It may be a good idea to guide the user in securing the device itself in order to protect access to your app. The Android API KeyguardManager.isDeviceSecure makes it simple to determine whether the user has secured the device with a password, PIN, or pattern. If he hasn’t, it could be a good idea to send a nice reminder to the user to secure the device using one of the options in the Android security settings.
Authenticating the device user
You can use the Android KeyguardManager.createConfirmDeviceCredentialIntent API to provide an additional layer of security that ensures that the user attempting to log in to your app is truly the device owner. If the user has configured the device with a security PIN, password, or pattern, this will bring up a system window for the user to verify the device credentials and provide you with a pass or fail.
Protecting Randomization Parameters
Randomization parameters are input parameters to cryptographic algorithms that introduce a random element to the functions to avoid the method producing the same outputs with the same input parameters, which would expose the implementation to brute-force attacks. Salt and Initialization Vector are two factors that introduce randomness.
Because these parameters are required for a hacker to extract a credential from a cryptographic function, they should be securely maintained as well. You have the option of encrypting them with a secure key stored in the key store or storing them in a safe preference container. For additional information, see my blog post on saving Secure Preferences.
Android’s KeyStore System
The KeyChain API and the Android Keystore provider both leverage the Android Keystore system for secure credential storage. Android 4.3 introduced the Keystore provider (API level 18).
If you wish to store credentials that are accessible to other apps, you can utilize the KeyChain API. You can select the credentials by the user through a system-provided UI, similar to the permission ‘Allow/Deny’ dialogs.
For the purposes of this tutorial, we will assume that the credentials should be available exclusively to the app.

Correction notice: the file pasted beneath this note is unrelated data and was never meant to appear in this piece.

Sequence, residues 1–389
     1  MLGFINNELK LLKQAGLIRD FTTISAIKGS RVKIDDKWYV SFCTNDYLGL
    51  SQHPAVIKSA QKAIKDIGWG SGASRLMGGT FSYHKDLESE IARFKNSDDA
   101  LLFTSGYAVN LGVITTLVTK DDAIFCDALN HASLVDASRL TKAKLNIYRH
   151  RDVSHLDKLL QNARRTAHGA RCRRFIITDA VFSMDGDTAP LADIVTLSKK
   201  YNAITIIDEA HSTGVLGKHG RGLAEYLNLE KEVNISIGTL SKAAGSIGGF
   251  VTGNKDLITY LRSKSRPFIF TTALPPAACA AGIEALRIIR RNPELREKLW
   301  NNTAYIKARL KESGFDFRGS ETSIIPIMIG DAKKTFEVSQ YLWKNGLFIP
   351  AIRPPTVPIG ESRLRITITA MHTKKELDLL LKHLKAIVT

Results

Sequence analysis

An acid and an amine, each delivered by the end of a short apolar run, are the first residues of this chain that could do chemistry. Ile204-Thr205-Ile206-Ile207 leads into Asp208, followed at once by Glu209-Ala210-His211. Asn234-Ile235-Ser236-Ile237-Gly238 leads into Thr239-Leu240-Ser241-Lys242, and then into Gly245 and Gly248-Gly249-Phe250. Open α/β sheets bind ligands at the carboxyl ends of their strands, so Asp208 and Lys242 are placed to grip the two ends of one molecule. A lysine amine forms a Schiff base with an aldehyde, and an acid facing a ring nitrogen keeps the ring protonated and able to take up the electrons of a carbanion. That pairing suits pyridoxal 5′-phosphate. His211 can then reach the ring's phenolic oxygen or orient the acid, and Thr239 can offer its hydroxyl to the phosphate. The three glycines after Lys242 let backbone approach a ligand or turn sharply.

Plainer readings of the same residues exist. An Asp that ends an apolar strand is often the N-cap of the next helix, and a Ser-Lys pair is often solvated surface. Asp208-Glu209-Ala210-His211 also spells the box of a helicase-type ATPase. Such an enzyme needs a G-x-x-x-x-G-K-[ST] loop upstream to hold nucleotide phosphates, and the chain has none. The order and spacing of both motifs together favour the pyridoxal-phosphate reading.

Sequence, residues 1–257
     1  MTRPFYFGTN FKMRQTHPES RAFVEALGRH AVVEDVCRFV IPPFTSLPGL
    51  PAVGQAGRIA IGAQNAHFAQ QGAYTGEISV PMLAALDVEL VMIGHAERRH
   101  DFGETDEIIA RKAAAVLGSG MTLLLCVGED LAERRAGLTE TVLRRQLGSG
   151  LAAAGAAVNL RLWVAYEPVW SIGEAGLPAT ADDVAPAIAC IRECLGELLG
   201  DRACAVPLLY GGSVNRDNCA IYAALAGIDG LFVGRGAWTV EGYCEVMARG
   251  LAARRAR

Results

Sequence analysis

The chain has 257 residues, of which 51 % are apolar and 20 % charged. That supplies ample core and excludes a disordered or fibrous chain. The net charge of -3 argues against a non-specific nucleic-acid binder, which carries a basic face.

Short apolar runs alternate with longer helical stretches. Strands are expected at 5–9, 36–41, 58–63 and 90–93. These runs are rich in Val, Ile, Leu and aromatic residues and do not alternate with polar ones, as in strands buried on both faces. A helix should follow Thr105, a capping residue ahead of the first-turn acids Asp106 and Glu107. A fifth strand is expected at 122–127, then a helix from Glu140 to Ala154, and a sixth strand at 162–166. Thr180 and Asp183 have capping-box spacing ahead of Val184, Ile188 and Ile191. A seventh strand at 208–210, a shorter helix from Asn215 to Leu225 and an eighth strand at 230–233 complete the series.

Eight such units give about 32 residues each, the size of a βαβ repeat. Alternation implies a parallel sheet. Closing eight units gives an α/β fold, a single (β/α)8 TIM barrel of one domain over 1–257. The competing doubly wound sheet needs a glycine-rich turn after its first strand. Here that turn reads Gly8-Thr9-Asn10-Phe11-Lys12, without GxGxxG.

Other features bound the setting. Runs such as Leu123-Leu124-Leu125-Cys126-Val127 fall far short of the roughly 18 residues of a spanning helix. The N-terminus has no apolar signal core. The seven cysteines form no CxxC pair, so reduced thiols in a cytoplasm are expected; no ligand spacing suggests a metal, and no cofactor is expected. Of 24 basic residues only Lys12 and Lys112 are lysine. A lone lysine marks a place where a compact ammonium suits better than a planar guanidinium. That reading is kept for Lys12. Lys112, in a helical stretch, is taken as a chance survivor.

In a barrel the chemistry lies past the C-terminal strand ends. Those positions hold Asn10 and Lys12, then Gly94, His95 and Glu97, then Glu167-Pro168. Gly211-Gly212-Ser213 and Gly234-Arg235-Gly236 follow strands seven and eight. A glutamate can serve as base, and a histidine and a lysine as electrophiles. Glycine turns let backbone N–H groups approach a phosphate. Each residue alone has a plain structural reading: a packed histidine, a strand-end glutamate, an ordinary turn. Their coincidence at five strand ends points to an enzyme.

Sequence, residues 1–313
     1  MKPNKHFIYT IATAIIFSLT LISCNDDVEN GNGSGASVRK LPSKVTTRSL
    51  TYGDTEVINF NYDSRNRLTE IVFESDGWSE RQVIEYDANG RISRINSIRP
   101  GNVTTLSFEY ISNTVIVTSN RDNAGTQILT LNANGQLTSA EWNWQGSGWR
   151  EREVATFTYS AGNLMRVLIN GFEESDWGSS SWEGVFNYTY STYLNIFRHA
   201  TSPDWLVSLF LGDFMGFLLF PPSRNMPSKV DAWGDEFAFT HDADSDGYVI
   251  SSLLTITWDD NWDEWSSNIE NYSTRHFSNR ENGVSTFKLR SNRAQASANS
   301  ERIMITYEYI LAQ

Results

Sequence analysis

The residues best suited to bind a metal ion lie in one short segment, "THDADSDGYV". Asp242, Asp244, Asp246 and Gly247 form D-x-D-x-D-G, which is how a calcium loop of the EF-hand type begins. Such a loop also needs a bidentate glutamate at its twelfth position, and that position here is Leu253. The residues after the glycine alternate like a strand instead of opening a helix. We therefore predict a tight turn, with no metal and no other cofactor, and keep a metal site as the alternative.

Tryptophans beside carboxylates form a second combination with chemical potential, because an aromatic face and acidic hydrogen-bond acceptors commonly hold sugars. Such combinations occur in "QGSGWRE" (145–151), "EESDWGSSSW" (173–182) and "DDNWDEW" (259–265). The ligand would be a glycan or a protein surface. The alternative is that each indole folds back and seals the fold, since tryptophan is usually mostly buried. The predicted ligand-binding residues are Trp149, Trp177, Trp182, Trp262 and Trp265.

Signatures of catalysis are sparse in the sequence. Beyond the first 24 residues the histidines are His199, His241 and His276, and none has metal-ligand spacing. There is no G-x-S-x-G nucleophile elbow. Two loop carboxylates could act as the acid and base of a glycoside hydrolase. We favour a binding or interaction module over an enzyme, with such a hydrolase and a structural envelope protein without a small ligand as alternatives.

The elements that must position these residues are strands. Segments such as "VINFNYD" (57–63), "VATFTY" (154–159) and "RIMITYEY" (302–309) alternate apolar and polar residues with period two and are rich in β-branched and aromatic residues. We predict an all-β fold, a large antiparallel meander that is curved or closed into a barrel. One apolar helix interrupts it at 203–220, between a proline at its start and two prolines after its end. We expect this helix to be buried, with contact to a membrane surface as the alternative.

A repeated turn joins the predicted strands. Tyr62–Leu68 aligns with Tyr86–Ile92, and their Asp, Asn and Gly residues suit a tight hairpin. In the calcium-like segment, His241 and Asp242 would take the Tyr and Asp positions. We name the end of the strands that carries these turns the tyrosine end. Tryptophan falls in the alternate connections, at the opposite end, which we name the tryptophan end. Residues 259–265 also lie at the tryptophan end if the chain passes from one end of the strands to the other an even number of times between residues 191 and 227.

The Android Keystore Provider
The Android Keystore Provider interface allows you to store credentials that only the app has access to. It offers the same security benefits as the KeyChain API but without the need for user participation. This is the option we will be using in this tutorial.
Creating a salted hash
As previously said, we want to avoid a hacker deriving the actual password from anything we’re saving, hence the simplest approach to do this is to generate a salted one-way hash.
You can build a SHA-256 or SHA-512 hash and then convert it to Base64, save it using Java.security MessageDigest class.
To add the salt, use the message digest object’s update() method.
Creating the secret key for encryption
You can use the Android Key Generator using an algorithm to generate a secret key for encryption. For AES encryption, use KEY ALGORITHM AES.
Then, using an alias for your key, you can use the KeyGenParameterSpec.Builder to provide the key size (e.g. 256), block mode (e.g. CBC), and padding (PKCS7) of the AES encryption.
You can initialize the KeyGenerator using the KeyGenParameterSpec and use it to produce the key.
Retrieving the secret key from the Key Store
To get your private key from the Key Store, you must first obtain an instance of the KeyStore by specifying the AndroidKeyStore provider.
Then, using your key alias from the previous step, call the getEntry() method to retrieve a SecretKey object containing your key information.
Encrypting the password Hash
To encrypt the hash, you must first obtain an instance of the Cipher class by passing your cipher algorithm.
You can initialize the encryption by sending in the mode (ENCRYPT MODE), your secret key, and an ivParameterSpec along with your Initialization Vector.
The encrypted result is a byte array returned by cipher.doFinal(). The encrypted password can then be stored by transforming the byte array to a Base64 string.
Decrypting the password Hash
Decrypting the password hash using the same cipher method and IV as you used for encryption.
As previously mentioned, you obtain a private key from the key store. Then, using your cipher technique, you obtain a Cipher instance. The cipher is initialized with DECRYPT MODE, your secret key, and the IvParameterSpec.
Before utilizing the cipher method to decrypt, the password hash must be Base64 that decode into a byte array.
The result of cipher.doFinal() will be a byte array, which you can then convert to a String using UTF8 encoding.
This post aims to share some ideas for safely saving passwords on Android. The safest method is, of course, to not keep passwords at all. We spoke about potential security issues with passwords and how to deal with them.